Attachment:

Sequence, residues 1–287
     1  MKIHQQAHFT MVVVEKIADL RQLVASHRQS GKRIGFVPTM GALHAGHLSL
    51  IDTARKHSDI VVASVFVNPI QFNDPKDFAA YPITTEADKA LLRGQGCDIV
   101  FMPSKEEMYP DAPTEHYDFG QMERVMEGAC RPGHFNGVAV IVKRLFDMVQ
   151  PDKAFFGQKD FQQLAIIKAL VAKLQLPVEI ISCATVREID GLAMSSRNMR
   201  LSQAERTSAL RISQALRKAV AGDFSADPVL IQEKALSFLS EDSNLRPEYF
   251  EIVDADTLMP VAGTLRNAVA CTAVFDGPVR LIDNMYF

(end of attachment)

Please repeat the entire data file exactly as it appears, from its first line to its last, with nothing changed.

Sequence, residues 1–287
     1  MKIHQQAHFT MVVVEKIADL RQLVASHRQS GKRIGFVPTM GALHAGHLSL
    51  IDTARKHSDI VVASVFVNPI QFNDPKDFAA YPITTEADKA LLRGQGCDIV
   101  FMPSKEEMYP DAPTEHYDFG QMERVMEGAC RPGHFNGVAV IVKRLFDMVQ
   151  PDKAFFGQKD FQQLAIIKAL VAKLQLPVEI ISCATVREID GLAMSSRNMR
   201  LSQAERTSAL RISQALRKAV AGDFSADPVL IQEKALSFLS EDSNLRPEYF
   251  EIVDADTLMP VAGTLRNAVA CTAVFDGPVR LIDNMYF